The average employee in South Korea works overtime two and a half days per week according to a survey conducted by the employment-related portal JobKorea. A more disheartening fact is that such statistics no longer surprise us. Rather, they come across as another ordinary ordeal for workers and an obvious ordeal-to-come for workers-to-be. All of us are aware of the bleak future ahead: a future where the price to pay to go to work is comprised not only of labor but also life. Yet, we put all our efforts into attaining this employee status even at the expense of losing our life outside of work.
This October, The Argus covers the movement known as ‘YOLO’ which is an acronym for You Only Live Once. The catchphrase implies the prevalence of subjugated lives in our society. It challenges people to rethink their self-sacrificing decisions and encourages them to make decisions worthy of their one-and-only lives. As a result, we can witness people claiming ownership of their lives by living in a satisfactory way today rather than tomorrow.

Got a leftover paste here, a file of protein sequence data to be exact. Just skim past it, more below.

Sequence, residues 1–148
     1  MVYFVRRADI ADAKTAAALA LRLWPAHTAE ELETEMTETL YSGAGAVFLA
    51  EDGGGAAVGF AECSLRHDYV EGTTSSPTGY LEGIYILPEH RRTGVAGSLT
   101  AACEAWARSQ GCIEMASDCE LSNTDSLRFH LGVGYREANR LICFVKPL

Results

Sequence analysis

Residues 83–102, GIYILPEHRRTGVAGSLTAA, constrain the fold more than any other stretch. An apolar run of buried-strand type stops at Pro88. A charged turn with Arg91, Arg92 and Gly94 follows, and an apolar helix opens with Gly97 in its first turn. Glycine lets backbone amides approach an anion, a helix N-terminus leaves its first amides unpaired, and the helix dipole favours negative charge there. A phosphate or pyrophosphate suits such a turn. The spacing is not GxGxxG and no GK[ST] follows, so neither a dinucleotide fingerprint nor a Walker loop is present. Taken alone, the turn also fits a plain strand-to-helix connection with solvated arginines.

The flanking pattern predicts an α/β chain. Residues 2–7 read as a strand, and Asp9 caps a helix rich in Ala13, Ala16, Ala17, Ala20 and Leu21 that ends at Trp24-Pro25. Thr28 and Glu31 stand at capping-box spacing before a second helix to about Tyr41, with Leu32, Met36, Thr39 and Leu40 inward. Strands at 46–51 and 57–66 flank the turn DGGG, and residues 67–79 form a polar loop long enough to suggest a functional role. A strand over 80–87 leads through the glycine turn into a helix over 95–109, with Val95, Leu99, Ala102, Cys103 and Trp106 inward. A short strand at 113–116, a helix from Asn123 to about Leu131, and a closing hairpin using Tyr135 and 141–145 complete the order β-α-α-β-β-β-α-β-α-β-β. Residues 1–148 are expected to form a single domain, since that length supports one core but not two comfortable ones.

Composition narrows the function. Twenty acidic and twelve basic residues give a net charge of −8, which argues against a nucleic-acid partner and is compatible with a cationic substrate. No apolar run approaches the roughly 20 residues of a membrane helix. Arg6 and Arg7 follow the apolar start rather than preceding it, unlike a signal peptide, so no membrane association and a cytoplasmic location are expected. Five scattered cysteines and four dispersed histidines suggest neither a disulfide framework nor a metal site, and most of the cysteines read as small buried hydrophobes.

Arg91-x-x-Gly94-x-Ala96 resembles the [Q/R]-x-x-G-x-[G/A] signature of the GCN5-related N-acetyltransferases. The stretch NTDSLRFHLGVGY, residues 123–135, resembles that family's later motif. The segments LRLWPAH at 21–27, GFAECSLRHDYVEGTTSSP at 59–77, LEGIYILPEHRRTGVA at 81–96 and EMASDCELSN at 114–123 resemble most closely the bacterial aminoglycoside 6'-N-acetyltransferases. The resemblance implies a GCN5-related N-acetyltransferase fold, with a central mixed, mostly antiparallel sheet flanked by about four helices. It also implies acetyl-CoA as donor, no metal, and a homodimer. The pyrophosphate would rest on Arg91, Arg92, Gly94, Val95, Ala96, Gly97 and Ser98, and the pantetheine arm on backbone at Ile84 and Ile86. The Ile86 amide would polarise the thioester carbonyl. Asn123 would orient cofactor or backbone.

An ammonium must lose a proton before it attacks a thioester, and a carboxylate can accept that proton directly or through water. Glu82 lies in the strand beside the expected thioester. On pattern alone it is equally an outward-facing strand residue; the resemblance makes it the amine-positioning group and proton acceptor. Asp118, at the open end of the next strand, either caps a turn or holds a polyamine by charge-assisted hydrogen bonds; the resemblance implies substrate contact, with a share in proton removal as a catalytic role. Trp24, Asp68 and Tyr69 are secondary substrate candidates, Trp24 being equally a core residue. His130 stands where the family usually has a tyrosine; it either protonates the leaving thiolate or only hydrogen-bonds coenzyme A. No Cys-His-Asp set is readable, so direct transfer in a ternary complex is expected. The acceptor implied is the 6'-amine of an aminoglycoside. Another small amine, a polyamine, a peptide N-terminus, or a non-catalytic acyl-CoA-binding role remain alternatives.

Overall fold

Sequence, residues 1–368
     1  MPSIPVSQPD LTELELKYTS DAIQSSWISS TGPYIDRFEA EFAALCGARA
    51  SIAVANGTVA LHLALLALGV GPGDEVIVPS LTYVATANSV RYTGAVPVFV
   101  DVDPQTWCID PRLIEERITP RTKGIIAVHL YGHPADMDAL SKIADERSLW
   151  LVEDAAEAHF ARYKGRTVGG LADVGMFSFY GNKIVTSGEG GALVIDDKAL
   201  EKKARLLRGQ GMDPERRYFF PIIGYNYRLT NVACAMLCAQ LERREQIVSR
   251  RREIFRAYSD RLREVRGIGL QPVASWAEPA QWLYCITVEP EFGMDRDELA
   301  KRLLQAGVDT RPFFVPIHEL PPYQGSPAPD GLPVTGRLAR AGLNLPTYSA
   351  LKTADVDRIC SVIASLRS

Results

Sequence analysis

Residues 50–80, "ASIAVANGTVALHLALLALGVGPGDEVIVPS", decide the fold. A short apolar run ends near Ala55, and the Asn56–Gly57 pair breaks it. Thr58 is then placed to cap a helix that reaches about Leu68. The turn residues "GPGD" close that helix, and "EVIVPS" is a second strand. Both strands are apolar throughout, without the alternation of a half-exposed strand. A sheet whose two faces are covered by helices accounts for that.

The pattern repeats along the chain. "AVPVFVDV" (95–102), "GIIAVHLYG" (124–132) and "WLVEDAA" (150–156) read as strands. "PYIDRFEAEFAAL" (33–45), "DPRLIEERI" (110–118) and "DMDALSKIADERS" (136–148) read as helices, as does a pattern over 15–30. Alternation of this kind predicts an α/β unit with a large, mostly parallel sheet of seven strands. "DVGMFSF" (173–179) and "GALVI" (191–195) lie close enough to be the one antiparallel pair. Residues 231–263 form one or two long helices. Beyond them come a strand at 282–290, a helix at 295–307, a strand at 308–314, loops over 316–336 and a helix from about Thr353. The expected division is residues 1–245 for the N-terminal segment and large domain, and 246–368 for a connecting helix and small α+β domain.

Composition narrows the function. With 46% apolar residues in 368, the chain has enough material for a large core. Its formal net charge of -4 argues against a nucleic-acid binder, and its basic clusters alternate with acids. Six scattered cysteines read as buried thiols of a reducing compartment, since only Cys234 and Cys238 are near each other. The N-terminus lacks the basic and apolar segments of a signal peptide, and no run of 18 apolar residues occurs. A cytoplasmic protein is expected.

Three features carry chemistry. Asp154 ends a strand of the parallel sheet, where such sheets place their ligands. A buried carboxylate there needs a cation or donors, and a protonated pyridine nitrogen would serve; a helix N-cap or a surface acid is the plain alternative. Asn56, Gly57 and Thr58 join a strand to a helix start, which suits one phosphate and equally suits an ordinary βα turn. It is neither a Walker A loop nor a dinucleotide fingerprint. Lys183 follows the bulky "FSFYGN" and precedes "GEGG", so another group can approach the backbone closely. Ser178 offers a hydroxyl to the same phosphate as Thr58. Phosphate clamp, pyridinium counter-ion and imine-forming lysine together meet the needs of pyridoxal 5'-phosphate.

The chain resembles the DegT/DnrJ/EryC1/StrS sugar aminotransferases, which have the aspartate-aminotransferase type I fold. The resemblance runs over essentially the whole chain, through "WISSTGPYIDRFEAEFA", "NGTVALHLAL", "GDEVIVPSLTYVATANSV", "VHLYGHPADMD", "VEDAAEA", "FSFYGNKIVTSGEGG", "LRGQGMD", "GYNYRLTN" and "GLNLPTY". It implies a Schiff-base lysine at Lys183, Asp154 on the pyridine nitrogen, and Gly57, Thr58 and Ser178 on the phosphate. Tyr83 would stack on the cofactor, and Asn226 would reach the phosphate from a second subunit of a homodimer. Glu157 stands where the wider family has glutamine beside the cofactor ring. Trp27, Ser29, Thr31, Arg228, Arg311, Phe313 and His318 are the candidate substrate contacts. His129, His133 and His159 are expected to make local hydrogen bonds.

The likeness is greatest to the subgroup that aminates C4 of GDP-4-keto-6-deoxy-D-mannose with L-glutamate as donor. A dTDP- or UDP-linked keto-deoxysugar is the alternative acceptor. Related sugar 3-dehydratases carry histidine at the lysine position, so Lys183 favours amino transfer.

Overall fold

We often overlook the fact that everyone is equally entitled to one chance at life. It is truly mature of us to put aside pleasure in the present for an uncertain future.
However, the problem is that our career paths may define, but do not determine our post-graduation lives. The right way to prepare for the future does not lie in following such destined paths. Rather, it is highly likely that it lies in a number of other paths that have not been walked. Nevertheless, we are afraid of walking astray because it feels as though it is equivalent to running away from reality. The truth is that running away itself should not be condemned as irresponsible if a plan precedes it. With a map and some direction, we can rightfully and responsibly run forward or backward to find for ourselves what is at the end of the road. After all, you have a right to run because you only live once, not twice.